All enrolled patients received antiplatelet agents (100 mg of aspirin once per day or 100 mg of ticlopidine 3 times per day) before the study. The patients were randomly divided into 2 groups. Patients in the sarpogrelate group (n = 10; 3 men and 7 women; mean age, 81.0 ± 2.2 years; body mass index, 18.9 ± 1.0 kg/m2) were treated with sarpogrelate hydrochloride (Mitsubishi Pharma Co., Osaka, Japan) at a dose of 100 mg 3 times per day for 24 weeks in addition to previous antiplatelet agents. Patients in the control group (n = 11; 7 men and 4 women; mean age, 75.8 ± 2.0 years; body mass index, 21.6 ± 1.1 kg/m2) were treated by continuing with previous antiplatelet agents for 24 weeks. There was no significant difference between aspirin and ticlopidine treatment in the 2 groups. All patients continued to receive conventional therapy throughout the study.
Measurement of FBF and LBF were performed at the beginning of the study (0 week) and after 12 and 24 weeks. This measurement began at 8:30 am. Subjects fasted the previous night for at least 12 hours. They were kept in the supine position in a quiet, dark, air-conditioned room (constant temperature 22°C to 25°C) throughout the study. Basal blood flow was measured after 30 minutes in the supine position, and then the effects of RH and sublingual NTG on FBF and LBF were measured. To obtain RH, FBF was occluded by inflating the cuff on the left upper arm to a pressure of 280 mm Hg for 5 min, and LBF was occluded by inflating of the cuff on the more diseased femoral region at a pressure of 280 mm Hg for 5 min. After the release of ischemic cuff occlusion, blood flow was measured for 3 min. NTG was sublingually administered at the dose of 0.3 mg by 1 tablet (Nihonkayaku Co. Tokyo, Japan). After the administration of NTG, blood flow was measured for 5 min. These studies were carried out in a randomized fashion. Each study proceeded after blood flow had returned to baseline. In the preliminary study, after the release of cuff occlusion or the sublingual NTG, blood flow returned to baseline within 10 min. Thus, the end of the response to RH or sublingual NTG was followed by a 15 min recovery period.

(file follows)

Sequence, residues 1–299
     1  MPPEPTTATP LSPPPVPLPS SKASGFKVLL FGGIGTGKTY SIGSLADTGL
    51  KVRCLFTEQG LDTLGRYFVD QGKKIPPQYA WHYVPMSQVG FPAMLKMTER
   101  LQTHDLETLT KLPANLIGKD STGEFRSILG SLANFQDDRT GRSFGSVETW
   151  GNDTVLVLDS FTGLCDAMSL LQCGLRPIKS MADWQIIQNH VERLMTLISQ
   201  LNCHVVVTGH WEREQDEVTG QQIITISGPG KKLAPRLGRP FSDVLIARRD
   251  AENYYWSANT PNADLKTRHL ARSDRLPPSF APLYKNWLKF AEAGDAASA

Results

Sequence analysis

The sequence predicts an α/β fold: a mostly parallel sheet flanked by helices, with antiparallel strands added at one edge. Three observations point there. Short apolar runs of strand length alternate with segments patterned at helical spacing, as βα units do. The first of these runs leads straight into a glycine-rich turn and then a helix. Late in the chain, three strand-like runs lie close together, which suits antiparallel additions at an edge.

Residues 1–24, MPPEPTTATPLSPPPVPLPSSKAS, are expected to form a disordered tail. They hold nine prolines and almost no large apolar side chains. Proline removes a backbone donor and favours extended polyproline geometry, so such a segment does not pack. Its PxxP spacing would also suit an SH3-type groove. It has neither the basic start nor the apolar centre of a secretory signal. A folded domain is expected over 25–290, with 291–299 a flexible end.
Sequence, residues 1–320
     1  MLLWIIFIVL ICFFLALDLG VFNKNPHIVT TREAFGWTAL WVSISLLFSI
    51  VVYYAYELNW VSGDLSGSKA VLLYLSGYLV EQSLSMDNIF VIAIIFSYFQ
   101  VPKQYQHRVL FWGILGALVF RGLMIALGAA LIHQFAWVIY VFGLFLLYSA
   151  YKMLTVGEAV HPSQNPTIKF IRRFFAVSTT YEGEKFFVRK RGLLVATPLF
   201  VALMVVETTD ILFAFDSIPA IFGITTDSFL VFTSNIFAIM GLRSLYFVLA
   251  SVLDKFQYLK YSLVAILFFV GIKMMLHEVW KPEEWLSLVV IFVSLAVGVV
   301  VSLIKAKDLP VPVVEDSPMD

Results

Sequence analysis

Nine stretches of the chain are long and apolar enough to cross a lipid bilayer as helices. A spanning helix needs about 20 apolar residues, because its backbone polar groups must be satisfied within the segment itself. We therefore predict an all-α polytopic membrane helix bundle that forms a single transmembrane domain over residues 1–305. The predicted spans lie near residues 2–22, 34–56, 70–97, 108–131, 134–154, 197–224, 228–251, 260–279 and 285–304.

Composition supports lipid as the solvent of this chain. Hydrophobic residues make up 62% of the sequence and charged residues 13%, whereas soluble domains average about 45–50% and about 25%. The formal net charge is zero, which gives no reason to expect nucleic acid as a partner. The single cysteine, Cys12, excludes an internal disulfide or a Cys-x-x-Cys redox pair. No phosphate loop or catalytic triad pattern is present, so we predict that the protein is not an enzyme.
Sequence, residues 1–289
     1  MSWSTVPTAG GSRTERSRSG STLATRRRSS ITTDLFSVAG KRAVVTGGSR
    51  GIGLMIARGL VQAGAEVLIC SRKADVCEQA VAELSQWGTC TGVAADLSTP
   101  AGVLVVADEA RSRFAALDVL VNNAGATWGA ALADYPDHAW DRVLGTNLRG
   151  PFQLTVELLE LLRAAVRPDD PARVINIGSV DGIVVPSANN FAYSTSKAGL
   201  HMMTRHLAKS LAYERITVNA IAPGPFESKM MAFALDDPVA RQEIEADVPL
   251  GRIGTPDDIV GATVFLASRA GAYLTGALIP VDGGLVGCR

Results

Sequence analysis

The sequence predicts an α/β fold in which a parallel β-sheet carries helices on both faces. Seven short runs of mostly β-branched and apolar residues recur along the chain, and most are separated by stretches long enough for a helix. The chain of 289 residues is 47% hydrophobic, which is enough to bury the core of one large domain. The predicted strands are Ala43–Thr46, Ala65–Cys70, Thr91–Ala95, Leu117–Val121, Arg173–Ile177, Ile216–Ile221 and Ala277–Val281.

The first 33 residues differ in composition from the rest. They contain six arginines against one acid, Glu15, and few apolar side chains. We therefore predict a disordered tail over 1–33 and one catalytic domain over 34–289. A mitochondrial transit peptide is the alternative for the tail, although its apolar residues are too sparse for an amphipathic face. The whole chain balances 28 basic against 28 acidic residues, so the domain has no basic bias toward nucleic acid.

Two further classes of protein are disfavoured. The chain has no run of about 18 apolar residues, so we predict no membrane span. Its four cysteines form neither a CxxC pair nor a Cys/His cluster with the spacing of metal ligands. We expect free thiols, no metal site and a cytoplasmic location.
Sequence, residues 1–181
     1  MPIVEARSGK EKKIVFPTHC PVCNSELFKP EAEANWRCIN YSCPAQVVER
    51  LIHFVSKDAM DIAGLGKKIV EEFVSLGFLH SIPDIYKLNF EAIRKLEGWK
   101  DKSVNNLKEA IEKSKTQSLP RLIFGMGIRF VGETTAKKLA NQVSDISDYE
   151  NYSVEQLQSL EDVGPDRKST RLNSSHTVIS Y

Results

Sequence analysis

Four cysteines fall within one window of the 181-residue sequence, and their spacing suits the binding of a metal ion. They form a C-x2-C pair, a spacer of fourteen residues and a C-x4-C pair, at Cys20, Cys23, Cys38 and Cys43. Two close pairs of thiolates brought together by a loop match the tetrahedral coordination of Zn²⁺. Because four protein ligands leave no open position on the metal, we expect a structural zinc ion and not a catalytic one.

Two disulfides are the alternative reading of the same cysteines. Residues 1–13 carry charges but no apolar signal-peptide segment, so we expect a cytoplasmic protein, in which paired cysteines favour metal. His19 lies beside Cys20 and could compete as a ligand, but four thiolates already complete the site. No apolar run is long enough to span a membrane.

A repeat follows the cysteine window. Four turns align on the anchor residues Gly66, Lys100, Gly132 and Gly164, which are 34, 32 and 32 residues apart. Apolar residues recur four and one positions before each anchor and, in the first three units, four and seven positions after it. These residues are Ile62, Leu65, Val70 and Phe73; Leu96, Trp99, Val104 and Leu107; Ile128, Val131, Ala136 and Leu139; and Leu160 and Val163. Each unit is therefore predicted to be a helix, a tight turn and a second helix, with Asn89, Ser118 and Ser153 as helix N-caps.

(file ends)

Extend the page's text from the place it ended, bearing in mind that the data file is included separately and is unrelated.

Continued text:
Baseline fasting serum concentrations of total cholesterol, high density lipoprotein (HDL) cholesterol, triglyceride, glucose, as well as plasma rennin activity, plasma norepinephrine, plasma angiotensin II, were obtained after a 30 min rest period before the study. Samples of venous blood were placed in polystyrene tubes containing sodium EDTA (1 mg/mL). The EDTA-containing tubes were immediately chilled in an ice bath. The plasma was separated by centrifugation at 3100 rpm at 4°C for 10 min. Serum was separated at 1000 rpm at room temperature for 10 min. Samples were stored at -80°C until assayed. Routine chemical methods were used to determine the serum concentration of total cholesterol, HDL cholesterol, triglyceride, and glucose. Plasma rennin activity and the concentration of angiotensin II were determined by radioimmunoassay (anti-angiotensin II antibody kit, SRL Co, Atsugi, Japan). The plasma concentration of norepinephrine was measured by high-performance liquid chromatography (catecholamine-plasma assay kit, SRL Co, Atsugi, Japan).38
Results are presented as the mean ± standard error. The Mann-Whitney U test was used to evaluate the differences in variables at the baseline between the sarpogrelate treatment group and the control group. Comparisons of time-course curves of the FBF and the LBF during RH were analyzed by 2 way analysis of variance (ANOVA) for repeated measures. Comparisons of clinical variables before and after treatment were performed with adjusted means by ANOVA using baseline data as covariates. A P level less than 0.05 was accepted as statistically significant. Data were processed using the software package Statview IV (SAS Institute, Cary, NC), or Super ANOVA (Abacus Concepts, Berkeley, CA).
Baseline clinical characteristics of the 10 PAD patients treated with sarpogrelate and the 11 PAD patients as control are shown in Table 1. Baseline values for all parameters were similar in the 2 groups.